Credit and Identity Theft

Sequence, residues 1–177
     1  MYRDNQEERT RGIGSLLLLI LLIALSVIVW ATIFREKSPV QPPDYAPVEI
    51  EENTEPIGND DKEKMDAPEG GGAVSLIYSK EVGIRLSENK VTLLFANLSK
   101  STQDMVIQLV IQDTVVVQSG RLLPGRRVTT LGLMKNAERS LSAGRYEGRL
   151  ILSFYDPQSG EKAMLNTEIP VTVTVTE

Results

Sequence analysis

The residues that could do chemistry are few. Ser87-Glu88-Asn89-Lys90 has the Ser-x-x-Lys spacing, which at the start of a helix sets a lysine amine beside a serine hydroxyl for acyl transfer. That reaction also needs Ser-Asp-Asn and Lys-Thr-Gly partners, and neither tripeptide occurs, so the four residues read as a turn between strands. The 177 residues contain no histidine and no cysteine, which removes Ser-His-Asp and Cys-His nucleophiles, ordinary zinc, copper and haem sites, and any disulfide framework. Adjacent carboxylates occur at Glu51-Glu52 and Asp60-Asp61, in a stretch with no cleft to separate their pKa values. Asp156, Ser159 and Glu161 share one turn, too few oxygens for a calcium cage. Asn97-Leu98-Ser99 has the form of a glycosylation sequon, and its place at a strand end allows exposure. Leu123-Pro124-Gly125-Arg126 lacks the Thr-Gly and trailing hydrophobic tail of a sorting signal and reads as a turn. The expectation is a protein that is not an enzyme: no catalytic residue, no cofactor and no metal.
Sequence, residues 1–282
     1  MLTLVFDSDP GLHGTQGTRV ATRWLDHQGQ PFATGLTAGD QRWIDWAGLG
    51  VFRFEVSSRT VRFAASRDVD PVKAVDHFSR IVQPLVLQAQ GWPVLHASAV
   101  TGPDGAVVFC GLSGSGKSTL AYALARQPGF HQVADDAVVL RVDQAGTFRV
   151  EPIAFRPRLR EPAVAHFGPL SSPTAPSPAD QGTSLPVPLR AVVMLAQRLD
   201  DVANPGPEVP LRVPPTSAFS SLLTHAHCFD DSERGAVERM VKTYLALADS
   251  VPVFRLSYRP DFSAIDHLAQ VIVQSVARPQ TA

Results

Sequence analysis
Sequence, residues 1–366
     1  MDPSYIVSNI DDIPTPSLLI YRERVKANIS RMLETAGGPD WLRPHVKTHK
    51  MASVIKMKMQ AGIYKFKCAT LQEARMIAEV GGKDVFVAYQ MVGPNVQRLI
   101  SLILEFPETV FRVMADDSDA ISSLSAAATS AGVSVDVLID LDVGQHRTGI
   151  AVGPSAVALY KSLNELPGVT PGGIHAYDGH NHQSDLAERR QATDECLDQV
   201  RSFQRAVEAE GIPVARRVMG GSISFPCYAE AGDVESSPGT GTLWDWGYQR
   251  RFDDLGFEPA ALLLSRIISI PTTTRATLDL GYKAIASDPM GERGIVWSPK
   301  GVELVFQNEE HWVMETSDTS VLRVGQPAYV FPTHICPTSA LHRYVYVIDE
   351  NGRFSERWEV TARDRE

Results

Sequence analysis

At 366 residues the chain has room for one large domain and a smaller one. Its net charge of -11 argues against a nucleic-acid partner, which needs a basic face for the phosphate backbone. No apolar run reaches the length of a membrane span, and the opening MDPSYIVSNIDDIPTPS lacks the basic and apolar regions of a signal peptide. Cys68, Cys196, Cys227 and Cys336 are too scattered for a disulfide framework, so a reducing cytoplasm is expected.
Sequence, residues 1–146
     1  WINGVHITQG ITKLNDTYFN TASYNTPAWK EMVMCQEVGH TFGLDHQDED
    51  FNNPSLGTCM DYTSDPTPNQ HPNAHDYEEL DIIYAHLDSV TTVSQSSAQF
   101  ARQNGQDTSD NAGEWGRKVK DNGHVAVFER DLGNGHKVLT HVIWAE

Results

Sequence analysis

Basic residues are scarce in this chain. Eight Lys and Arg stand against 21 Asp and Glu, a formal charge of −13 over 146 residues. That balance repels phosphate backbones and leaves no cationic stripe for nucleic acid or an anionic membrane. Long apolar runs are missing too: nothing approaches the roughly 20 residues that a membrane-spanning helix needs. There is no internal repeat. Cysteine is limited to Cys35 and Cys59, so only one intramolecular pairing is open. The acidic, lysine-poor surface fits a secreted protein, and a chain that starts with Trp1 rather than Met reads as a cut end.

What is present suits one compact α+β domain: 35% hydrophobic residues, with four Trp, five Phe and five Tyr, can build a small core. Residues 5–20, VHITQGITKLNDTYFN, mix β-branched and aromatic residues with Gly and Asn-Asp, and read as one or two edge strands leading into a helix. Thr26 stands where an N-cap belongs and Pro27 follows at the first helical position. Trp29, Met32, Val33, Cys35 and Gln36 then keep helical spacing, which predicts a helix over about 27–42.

The quintessential crime of the information age is identity theft, the malicious use of personal identifying data. In this paper we provide a model of â€œidentityâ€ and its use in credit transactions. In the environments we construct, various types of identity theft occur in equilibrium, including â€œnew account fraud,â€ â€œexisting account fraud,â€ and â€œfriendly fraud.â€ In the model, the equilibrium incidence of identity theft arises from a tradeoff between a desire to avoid costly or invasive monitoring of individuals on the one hand, and the need to control transactions fraud on the other. Our results suggest that technological advances will not eliminate this tradeoff. Section 2 of the paper makes use of the search-theoretic model developed in Kahn, McAndrews, and Roberds (2005). It illustrates how identity theft is a consequence of information-sharing among sellers, via instruments that amount to artificial â€œquasi-identities,â€ e.g., credit cards. While such information-sharing reduces the cost and equilibrium incidence of transactions fraud, it can also facilitate the propagation of fraud across different sellers, i.e., what is commonly known as identity theft. Nonetheless, as the costs of information sharing fall, such arrangements will generally dominate. Section 3 considers two offshoots of the basic model. In the first variation, money is introduced as a sort of card that is not tied to anyoneâ€™s identity. Under suitable conditions, the simultaneous use of money and credit can improve welfare relative to the use of credit alone. This occurs because money allows for transactions to occur where identity verification would be too costly. The second variation allows for the possibility of â€œfriendly fraudâ€ (fraudulently claiming fraud) and shows how information-sharing arrangements can be robust to this type of fraud risk. In sum, this paper illustrates how identity theft and related types of transactions fraud may be incorporated into modern theories of money and credit. Our methodology for investigating identity theft is a general one, whose application is not necessarily tied to any single approach.
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